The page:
The reason? I’d say it was because the ability to conduct it well disappeared. Some works are indestructible, no matter how they are performed. Not so this one. Franck had grand ideas that he pursued in this work, but he was by no means the kind of composer who can make his music live on the printed page. Franck, an organist by trade, was accustomed to using full textures in his playing, which doesn’t always transfer ideally to orchestral writing. And the fact that Franck was bringing a strong Wagnerian influence into the Gallic style of writing music makes his position even more precarious. Nonetheless, he was able to initiate a personal tradition by conducting the work himself at the 1888 premiere in Paris, which later disciples continued, leading the public to gradually warm up to and embrace this lovable piece.
But Franck requires a lot of nuance and shaping, two things that fell out of fashion in the mid-twentieth century, when the gospel of literalism cast its glum stare over everything. And with literalism in a score that really only suggests Franck’s flights of imagination instead of spelling it out, the skill of conducting Franck began to falter. The early twentieth century had seen conductors such as Beecham, Munch, Paray and Mengelberg leading compelling performances, but the work began to suffer in stiffer, more literal performances. The last great rendition came from Pierre Monteux in 1961 with the Chicago Symphony.
After that, it seemed the gift of conducting Franck was lost. Herbert von Karajan handled the work heavily, as if Franck’s being an organist meant his music should be treated like Bruckner. Stiff, literal readings deadened the work in recordings throughout the late twentieth century. Leonard Bernstein tried to counter the leadenness of modern performances, but he went too far in the other direction, pulling tempos around like taffy. In 1995, in a performance preserved in an outstanding box set released by the Cleveland Orchestra, then-music-director Christoph von Dohnányi tried to temper the squareness of literalism with a handsome orchestral glow, with some success.
The last time the Franck was performed here was in 2013, under the direction of Marek Janowski. Janowski is another literalist, albeit one with a sensitivity toward the need to keep Franck’s textures clear. His performance was satisfying enough, but it didn’t quite get inside the music. I remember feeling at the time that I’d never hear Franck conducted like Monteux or Paray did. The art of conducting Franck’s D minor symphony seemed to have died off.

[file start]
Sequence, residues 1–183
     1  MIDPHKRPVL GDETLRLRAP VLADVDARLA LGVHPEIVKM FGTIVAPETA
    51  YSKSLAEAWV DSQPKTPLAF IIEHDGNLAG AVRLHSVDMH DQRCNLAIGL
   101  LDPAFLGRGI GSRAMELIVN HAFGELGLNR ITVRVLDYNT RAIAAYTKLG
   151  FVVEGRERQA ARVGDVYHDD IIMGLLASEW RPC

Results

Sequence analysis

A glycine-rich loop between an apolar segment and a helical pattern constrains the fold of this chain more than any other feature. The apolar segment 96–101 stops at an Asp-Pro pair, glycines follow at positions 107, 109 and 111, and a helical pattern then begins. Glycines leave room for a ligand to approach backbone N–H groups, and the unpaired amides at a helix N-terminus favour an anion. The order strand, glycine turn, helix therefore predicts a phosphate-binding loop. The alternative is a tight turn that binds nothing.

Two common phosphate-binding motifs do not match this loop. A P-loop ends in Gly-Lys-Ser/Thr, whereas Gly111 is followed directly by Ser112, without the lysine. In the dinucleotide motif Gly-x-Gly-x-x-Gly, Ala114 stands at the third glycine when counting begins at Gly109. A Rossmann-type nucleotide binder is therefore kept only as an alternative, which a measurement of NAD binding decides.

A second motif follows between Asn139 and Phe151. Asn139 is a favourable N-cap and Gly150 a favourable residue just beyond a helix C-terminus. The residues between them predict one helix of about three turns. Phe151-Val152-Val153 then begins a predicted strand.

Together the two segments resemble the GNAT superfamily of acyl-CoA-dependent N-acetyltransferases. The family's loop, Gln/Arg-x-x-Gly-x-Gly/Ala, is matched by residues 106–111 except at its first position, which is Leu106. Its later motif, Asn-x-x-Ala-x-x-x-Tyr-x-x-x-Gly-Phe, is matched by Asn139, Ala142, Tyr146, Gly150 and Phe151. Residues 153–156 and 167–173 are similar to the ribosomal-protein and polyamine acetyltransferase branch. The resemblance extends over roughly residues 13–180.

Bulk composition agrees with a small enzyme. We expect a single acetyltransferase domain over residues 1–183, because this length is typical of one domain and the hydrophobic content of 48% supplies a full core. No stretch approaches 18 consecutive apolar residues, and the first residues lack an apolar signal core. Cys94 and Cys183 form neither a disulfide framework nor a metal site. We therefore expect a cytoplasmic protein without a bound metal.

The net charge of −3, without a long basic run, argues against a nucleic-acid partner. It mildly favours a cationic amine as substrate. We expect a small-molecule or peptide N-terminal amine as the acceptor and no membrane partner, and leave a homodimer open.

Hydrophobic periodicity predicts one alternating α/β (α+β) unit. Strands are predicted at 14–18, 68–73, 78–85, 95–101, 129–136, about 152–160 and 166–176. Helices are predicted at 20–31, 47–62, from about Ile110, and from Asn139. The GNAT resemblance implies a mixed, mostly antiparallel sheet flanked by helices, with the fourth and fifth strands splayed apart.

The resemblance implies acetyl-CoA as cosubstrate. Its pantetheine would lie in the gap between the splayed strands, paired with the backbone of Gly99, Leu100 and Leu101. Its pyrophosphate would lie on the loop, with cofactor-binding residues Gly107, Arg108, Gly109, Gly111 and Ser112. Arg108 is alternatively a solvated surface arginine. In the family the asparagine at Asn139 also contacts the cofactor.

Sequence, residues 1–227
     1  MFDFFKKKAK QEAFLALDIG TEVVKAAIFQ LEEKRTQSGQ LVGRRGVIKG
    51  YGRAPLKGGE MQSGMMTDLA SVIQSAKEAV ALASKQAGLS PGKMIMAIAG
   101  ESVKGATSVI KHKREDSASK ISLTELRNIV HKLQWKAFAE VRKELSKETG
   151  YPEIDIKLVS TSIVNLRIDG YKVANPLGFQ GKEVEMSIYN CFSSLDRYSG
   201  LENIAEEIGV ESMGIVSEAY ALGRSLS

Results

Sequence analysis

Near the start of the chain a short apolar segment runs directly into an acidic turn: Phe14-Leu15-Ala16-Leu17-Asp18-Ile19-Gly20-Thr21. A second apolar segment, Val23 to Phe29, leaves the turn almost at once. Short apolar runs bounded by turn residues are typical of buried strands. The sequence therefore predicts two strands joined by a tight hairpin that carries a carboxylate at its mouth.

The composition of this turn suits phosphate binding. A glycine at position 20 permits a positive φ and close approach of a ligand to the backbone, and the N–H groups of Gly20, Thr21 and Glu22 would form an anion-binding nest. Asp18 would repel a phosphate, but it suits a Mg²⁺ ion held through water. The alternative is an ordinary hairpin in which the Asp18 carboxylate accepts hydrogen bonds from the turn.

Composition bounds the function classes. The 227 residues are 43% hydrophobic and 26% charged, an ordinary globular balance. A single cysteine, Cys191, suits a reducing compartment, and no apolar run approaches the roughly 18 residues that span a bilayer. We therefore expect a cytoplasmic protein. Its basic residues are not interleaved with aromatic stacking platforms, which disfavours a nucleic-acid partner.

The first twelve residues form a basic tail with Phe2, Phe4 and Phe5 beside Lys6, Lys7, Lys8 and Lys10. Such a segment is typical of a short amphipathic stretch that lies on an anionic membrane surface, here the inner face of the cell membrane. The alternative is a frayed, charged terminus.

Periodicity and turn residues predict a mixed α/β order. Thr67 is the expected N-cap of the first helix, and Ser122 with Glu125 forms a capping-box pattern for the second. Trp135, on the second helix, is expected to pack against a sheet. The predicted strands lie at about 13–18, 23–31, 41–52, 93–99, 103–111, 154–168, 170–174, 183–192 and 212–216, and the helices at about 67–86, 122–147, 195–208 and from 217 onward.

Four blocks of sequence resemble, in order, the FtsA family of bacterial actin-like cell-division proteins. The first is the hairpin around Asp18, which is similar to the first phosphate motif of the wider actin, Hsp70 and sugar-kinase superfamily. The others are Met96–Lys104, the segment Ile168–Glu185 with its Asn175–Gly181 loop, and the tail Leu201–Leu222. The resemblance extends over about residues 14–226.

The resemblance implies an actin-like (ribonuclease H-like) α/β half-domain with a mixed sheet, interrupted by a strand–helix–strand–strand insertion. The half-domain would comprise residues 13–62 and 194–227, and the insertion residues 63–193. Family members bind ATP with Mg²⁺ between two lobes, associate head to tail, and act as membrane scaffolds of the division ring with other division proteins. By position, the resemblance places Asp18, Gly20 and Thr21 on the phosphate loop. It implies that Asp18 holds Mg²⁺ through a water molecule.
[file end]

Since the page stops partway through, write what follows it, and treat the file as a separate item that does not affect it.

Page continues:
I’m delighted to report that I was wrong. Gustavo Gimeno surprised me with a masterful, vintage rendition of the piece, the first performance in decades that stands direct comparison to the ‘old masters’. One could examine this performance for thousands of details, and show how Gimeno worked with soloists and sections to bring shape and personality to the music, making it feel personal where others supply only vague grandeur.
Yet at the same time, Gimeno displayed impeccable taste, avoiding some of the overwrought traditions which Monteux only barely manages to sell in his recording, such as the big slowdown into the coda of the first movement. Instead of handling that moment like a parody of tradition (Bernstein) or stoically literal (Janowski), Gimeno gave it just the slightest easing of tempo into the broader coda, which was perfect.
Robert Walters was haunting in the English horn solo in the second movement, and he was given space to be flexibly expressive despite the flowing tempo. All the woodwinds were glorious throughout the symphony, and Gimeno made sure that their colors weren’t swamped by other sections. He also showed a sure hand at building the excitement near the end of the symphony without superficially speeding up. It was the performance I’d always dreamed of hearing yet never thought I would.
If there was one thing in the concert that was less compelling, it was the opening Mother Goose suite of Ravel. The performance was good, beautifully played, but it didn’t erase memories of Mathias Pintscher’s 2018 performance, which somehow got more inside the notes. Perhaps the sheer work of introducing the Dessner and revivifying the Franck precluded an in-depth plunge into the Ravel as well. Regardless, the other two works blazed, another in the recent string of outstanding concerts from Cleveland.
Mark Sebastian Jordan